If law enforcement officers pull you over for an alleged traffic violation in South Carolina, you should know your rights if they then want to search your car for drugs or anything else.

As reported in the Washington Post, officers do not have the automatic right to search your vehicle during a traffic stop. Instead, they can only legally do the following:

  • Ask you for your driver’s license, vehicle registration and proof of insurance, which you must give them
  • Investigate whatever alleged traffic violation they stopped you for
  • Check with their dispatcher to find out if you have any outstanding arrest warrants and arrest you if you do
  • Write the traffic ticket(s) for whatever alleged violation(s) they believe you committed

Drug searches

Once the officers do the above things, they can do nothing further because the traffic stop has concluded. In the 2015 U.S. Supreme Court Case of Rodriguez v. United States, the Justices held that the only purpose of a traffic stop is to “ensure that vehicles on the road are operated safely and responsibly.” Thus, officers cannot legally do anything that goes above and beyond this purpose, such as searching your vehicle for drugs.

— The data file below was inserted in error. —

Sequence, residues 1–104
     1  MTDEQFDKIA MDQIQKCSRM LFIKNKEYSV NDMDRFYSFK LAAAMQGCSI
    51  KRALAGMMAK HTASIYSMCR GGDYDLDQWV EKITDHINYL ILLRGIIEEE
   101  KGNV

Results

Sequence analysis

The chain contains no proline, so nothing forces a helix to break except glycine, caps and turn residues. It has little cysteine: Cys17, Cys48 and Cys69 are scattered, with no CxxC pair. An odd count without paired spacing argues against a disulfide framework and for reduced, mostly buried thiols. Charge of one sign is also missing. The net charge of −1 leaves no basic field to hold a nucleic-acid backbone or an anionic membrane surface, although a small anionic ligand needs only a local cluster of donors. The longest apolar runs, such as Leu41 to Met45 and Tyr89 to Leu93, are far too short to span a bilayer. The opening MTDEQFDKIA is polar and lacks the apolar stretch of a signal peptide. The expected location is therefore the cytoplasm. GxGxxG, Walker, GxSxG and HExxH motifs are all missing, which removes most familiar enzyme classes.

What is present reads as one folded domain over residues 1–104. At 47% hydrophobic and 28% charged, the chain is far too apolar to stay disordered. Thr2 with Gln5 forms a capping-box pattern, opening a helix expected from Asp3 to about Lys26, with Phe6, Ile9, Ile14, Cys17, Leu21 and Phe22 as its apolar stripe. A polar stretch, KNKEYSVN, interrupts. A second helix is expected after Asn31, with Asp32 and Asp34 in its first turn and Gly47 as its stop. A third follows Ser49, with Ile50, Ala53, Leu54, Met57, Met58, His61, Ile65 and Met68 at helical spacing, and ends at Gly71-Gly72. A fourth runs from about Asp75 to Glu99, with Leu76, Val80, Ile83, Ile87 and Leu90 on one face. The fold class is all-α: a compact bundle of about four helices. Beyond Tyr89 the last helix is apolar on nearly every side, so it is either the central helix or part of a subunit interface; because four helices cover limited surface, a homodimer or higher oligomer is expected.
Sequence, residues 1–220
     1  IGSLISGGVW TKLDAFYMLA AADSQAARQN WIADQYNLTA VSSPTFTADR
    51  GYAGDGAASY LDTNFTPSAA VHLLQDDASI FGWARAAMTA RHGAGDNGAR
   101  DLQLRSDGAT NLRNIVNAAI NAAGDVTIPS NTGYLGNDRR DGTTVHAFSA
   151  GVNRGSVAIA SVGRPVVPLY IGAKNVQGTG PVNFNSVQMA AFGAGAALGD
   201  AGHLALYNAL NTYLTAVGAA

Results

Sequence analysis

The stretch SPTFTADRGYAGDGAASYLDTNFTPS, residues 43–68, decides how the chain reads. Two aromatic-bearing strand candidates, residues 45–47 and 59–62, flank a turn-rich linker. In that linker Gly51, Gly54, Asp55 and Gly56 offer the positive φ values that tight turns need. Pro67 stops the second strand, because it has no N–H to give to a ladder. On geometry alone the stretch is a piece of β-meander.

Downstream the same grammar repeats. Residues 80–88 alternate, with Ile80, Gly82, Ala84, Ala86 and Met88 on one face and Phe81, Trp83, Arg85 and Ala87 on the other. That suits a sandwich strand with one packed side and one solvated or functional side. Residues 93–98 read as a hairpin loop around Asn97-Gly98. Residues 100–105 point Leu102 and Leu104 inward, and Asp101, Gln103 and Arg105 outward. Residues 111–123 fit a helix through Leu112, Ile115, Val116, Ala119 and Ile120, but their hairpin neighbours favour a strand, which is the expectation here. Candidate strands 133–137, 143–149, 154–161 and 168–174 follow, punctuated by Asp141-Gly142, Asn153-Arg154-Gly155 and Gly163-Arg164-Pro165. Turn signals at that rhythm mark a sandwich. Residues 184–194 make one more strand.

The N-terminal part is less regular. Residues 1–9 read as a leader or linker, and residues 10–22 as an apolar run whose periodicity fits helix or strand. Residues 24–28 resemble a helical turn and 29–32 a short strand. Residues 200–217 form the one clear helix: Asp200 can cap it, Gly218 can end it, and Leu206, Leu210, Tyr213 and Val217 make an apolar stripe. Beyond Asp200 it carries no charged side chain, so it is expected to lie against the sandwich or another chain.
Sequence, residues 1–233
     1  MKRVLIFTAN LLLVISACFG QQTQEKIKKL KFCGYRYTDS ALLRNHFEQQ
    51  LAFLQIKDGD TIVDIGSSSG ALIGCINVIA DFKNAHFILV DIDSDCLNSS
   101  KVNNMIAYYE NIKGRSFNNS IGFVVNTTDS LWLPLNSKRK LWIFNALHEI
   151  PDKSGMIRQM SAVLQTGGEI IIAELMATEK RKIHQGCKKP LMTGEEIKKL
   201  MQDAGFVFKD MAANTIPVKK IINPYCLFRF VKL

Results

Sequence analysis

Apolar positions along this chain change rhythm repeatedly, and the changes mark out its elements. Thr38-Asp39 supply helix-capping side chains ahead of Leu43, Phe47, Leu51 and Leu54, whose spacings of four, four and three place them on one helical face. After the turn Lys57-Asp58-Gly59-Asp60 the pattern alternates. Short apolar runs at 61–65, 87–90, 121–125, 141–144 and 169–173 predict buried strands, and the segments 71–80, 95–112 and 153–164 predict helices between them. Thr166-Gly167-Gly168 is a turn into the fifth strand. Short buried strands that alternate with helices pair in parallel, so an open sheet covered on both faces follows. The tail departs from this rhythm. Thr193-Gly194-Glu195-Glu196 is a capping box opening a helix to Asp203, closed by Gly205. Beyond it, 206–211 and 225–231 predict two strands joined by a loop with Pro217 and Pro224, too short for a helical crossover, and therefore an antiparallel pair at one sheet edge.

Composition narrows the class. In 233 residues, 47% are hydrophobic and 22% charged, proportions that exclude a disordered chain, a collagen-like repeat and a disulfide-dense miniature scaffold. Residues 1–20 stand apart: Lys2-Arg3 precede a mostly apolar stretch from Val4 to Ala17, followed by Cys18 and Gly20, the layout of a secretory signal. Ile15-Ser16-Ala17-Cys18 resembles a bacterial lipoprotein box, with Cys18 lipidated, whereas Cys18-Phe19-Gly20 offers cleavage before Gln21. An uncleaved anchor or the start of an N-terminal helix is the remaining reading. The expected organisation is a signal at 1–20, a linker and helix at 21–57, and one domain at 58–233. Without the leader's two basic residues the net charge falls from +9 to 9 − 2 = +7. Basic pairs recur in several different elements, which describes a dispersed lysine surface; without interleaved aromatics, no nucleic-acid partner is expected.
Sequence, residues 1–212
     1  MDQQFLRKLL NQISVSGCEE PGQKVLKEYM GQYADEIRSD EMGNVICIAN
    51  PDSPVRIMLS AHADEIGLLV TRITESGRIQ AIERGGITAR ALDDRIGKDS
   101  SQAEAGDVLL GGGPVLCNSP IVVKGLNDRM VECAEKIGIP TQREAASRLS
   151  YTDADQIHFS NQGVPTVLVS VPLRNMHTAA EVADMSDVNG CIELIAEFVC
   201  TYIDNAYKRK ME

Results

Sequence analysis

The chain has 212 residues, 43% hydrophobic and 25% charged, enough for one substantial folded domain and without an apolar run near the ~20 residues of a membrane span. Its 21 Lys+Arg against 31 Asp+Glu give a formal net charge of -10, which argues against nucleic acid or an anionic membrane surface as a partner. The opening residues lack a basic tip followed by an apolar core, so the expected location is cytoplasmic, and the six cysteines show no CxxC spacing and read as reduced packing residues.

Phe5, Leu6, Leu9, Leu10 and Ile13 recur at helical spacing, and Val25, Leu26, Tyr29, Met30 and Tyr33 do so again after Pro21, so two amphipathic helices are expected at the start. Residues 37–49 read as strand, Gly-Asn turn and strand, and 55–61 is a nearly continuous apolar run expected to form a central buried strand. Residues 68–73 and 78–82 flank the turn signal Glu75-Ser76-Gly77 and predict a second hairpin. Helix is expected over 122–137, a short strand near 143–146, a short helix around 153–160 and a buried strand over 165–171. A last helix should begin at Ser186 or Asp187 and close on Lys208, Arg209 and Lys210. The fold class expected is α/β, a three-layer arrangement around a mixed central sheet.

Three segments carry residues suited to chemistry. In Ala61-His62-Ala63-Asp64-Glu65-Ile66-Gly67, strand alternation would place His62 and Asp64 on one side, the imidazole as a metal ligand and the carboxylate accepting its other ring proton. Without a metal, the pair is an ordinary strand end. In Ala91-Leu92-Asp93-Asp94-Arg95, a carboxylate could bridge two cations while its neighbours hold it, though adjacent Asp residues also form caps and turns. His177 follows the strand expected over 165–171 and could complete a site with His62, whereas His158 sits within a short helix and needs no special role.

Understand, however, that officers have the right to ask you if they can search your car. If you give them permission, which you most definitely are not required to do, then they can search. They can also legally search your vehicle if they see any drugs or other prohibited items sitting in plain view in your vehicle when they look in the windows.

This is general educational information and not intended to provide legal advice.